JS: I really admire translations of poetry where you can really see the translator’s hand at work. Especially for me, I sometimes feel like I’m very much groping around in the dark with poetry because the last time I had formal training in poetry was high school AP Latin, when we learned all the rhetorical devices that were in The Aeneid. A lot of my poetry translation feels like it’s done by instinct, and then I get nervous, and I’m like—gotta stay close, or can’t go too far. But translators who make choices I might not have thought to make but that really make sense are always ones I admire. Recently I’ve been looking at Olivia Lott’s translation of Katabasis by Lucía Estrada, and other translators like Yvette Siegert. Margaret Wright, our classmate [at Princeton], translated some poems for the Words Without Borders issue on Peruvian writers of Asian descent that I edited last fall. It was so great to look at her translations, because she made some beautiful choices that I still think about. That inspired me to be braver in my own choices. I guess that’s what translating poetry requires—being brave.

TU: How do you find authors you want to work with?

JS: I have been lucky to have people who put books in my hands that I ended up loving. I remember at the Havana Book Fair in 2016, my friend Adriana put a collection of poetry by Legna Rodríguez Iglesias in my hands, and I ended up really loving it. I’ve since translated Legna’s novel in verse, which is one of those novels that was never published in Cuba; it’s only been published by that one Netherlands press.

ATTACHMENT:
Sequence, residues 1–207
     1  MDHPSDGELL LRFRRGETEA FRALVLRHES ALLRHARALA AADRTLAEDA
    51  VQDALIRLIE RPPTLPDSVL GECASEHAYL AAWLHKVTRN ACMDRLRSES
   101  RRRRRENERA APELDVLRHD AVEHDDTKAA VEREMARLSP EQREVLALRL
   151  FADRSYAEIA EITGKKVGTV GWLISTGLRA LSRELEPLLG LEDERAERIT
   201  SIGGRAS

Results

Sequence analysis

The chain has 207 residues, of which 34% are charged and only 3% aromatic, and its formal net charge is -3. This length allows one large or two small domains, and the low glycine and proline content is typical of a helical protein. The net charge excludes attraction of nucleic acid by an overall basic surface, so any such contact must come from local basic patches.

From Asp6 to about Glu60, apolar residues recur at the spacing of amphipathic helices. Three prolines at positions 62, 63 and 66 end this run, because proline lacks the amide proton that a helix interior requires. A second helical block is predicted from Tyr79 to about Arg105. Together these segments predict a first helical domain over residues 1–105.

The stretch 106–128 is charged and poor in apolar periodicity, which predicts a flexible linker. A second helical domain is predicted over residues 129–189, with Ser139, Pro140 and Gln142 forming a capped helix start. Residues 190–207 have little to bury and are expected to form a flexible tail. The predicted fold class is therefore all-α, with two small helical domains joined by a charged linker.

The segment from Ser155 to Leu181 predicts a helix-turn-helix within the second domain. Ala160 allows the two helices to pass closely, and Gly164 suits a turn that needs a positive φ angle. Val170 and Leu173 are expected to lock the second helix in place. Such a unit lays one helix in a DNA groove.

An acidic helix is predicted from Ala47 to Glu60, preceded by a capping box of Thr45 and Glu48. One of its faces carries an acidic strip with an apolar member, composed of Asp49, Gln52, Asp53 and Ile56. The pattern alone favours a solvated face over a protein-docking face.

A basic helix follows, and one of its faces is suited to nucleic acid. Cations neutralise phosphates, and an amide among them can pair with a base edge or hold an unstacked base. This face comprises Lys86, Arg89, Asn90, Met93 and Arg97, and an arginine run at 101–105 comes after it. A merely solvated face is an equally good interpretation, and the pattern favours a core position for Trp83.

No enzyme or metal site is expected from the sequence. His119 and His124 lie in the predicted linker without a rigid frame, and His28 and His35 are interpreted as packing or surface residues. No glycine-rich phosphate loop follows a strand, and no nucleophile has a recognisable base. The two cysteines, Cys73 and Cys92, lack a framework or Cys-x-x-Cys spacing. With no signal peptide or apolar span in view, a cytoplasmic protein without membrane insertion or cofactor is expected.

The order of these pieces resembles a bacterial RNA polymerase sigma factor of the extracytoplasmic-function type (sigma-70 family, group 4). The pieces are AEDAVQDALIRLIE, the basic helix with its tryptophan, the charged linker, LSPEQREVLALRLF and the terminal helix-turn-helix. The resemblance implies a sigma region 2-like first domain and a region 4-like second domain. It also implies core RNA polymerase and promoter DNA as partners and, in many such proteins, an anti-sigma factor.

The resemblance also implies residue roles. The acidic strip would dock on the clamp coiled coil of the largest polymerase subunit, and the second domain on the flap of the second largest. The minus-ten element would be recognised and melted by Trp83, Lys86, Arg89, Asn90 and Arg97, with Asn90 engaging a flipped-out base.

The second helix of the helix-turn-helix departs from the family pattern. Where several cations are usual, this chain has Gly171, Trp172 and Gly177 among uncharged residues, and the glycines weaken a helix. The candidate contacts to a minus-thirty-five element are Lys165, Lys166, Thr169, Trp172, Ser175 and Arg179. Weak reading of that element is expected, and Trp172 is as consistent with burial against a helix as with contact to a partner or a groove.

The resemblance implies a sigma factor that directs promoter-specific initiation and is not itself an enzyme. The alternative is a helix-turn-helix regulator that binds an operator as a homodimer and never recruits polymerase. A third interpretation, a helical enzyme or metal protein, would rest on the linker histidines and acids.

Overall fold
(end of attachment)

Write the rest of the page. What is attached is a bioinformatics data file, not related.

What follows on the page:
When I was in Lima on Fulbright, one of my first stops was this really lovely little bookstore called Escena Libre. The manager Julio put a lot of books in my hands, and one of them ended up being a short story collection that I’ve translated a couple stories from. I just love going to bookstores. There are so many good bookstores in Lima.

TU: Yeah, they are so much better in other countries when they’re not Barnes & Noble.

JS: (Laughs.) You don’t know exactly what’s there, because it’s not all catalogued. But it’s really fun to just look.

TU: What’s something that you're working on right now that you’re excited about?

JS: I’m editing the poems that will be in a chapbook that’s coming out from Ugly Duckling Presse’s Señal Latin American poetry series. I just had my last session of queries with Julia Wong Kcomt, the writer, and that was really fun. Working with her is great. I love her poetry, and she’s also so generous with answering all my questions and often unlocking the poems for me in a way that I appreciate.

TU: Have you read anything that you enjoyed lately?